The FDA issued a warning about the antibiotic azithromycin (Zithromax). The media stories have some patients terrified and some of them are calling me convinced that azithromycin is poison, a reliable agent for suicide.
What’s the hubbub about?
Azithromycin is in a family of antibiotics called macrolides, which also includes erythromycin and clarithromycin (Biaxin). Erythromycin and clarithromycin have long been known to very rarely cause fatal abnormal heart rhythms. It was thought that azithromycin didn’t have this rare side effect.
In May of last year the New England Journal of Medicine published a study that tried to confirm this. The study compared rates of sudden death while taking a course of azithromycin to the risk while taking amoxicillin, ciprofloxacin, levofloxacin, or no antibiotic. The study was not randomized. It simply matched hundreds of thousands of antibiotic prescriptions to death certificates.
The study found a tiny increased risk in patients taking azithromycin. How tiny? Compared to taking amoxicillin, taking azithromycin contributed 47 additional cardiovascular deaths per 1 million antibiotic courses. That’s one extra death per 21,276 courses. If you took 5-day azithromycin courses continuously, it would take 291 years to take that many courses of antibiotics. That’s a much slower way to die than, say, hemlock.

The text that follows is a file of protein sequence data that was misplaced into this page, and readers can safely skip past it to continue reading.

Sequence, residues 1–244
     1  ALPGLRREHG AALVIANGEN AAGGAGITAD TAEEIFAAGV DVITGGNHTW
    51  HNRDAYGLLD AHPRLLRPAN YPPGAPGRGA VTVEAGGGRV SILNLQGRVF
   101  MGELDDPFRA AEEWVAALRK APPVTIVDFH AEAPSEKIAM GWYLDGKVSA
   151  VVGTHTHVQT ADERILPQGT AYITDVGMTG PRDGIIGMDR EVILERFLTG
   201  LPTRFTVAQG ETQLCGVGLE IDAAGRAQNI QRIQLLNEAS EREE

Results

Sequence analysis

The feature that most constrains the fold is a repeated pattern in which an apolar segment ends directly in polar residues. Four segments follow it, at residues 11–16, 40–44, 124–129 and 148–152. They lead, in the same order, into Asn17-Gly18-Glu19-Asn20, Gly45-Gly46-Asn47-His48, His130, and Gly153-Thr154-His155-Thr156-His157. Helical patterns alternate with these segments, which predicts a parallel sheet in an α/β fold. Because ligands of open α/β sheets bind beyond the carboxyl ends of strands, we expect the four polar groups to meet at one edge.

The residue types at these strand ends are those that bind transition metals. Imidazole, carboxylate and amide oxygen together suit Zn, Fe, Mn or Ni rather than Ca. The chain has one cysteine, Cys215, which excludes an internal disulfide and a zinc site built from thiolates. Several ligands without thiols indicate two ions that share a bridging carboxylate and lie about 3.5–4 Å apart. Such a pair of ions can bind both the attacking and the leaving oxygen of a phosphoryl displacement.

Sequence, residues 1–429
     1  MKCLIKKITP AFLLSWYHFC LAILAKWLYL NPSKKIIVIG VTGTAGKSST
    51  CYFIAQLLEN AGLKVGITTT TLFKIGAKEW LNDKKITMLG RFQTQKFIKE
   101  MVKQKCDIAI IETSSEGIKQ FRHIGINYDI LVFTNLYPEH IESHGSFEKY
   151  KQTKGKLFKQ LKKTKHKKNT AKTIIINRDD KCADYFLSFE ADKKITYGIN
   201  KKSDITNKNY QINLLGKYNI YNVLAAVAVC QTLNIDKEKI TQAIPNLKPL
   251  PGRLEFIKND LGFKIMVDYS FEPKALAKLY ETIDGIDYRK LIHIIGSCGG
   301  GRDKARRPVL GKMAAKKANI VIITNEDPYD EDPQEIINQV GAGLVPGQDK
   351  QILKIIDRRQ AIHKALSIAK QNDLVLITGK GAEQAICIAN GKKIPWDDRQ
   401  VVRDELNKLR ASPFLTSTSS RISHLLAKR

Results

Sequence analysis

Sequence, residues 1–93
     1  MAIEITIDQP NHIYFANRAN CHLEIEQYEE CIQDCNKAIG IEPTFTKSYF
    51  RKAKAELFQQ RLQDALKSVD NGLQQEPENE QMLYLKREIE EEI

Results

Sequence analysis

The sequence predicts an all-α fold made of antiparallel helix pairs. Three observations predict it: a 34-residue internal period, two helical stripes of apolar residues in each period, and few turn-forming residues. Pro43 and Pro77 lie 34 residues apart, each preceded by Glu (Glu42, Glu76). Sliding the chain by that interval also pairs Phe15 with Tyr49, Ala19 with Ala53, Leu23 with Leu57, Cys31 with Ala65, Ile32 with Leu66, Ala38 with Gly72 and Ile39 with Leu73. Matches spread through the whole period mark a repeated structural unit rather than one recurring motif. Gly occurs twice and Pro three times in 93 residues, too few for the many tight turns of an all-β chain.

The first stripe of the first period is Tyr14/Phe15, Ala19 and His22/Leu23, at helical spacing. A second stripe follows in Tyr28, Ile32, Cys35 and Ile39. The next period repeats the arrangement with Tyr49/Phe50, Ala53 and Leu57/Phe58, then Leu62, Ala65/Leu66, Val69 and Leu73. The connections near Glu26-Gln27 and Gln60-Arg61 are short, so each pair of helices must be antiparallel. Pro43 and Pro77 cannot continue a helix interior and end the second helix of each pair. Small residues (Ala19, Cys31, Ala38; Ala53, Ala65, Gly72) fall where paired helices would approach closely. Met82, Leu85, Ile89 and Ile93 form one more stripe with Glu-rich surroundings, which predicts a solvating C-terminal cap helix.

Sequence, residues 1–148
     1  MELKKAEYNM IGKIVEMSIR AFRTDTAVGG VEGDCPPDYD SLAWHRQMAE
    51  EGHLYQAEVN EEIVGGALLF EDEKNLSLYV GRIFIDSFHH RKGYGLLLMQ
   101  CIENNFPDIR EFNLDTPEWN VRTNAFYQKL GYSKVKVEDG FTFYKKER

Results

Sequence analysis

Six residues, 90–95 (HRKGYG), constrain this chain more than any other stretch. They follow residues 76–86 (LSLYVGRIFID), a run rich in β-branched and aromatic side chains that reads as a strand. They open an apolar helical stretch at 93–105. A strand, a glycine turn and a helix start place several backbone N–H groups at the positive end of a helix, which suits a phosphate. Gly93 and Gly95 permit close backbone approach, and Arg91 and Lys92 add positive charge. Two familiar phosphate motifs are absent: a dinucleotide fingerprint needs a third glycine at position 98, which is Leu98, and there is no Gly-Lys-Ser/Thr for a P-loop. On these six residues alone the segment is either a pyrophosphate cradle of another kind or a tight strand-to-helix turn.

All patients did not have the same risk of having a fatal heart rhythm abnormality. Older patients, patients taking medications for heart rhythm abnormalities, and patients with heart disease, certain EKG abnormalities, and certain electrolyte abnormalities were at greater risk of this side effect. The patients at highest risk face one additional death every 4,100 courses of antibiotics, while those at lowest risk have one additional death every 110,000. These are very, very small risks.
So doctors should try to avoid all macrolides in high risk patients. But patients should probably forget the whole thing and avoid azithromycin for a different reason.
The reason you should avoid azithromycin is the same as the reason you should avoid all antibiotics. The risk of Clostridium difficile infection and the risk of antibiotic resistance is much greater than the miniscule risk of a fatal rhythm abnormality. That’s what should be scaring you about antibiotics. This is especially true of azithromycin because its convenient 5-day course, the Z-Pak, has become a household name and patients ask for it even when antibiotics are very unlikely to help. It is very likely that the last Z-Pak you took was for a cold, or for acute bronchitis, or for an early sinus infection, all of which resolve without antibiotics.
It would be a sad irony if we needed the irrational fear of extremely rare side effects to counter the irrational exuberance that patients have for unnecessary antibiotics. I hope instead that educated patients armed with reliable information will make good decisions.
Albert Fuchs is an internal medicine physician who blogs at his self-titled site, Albert Fuchs, MD.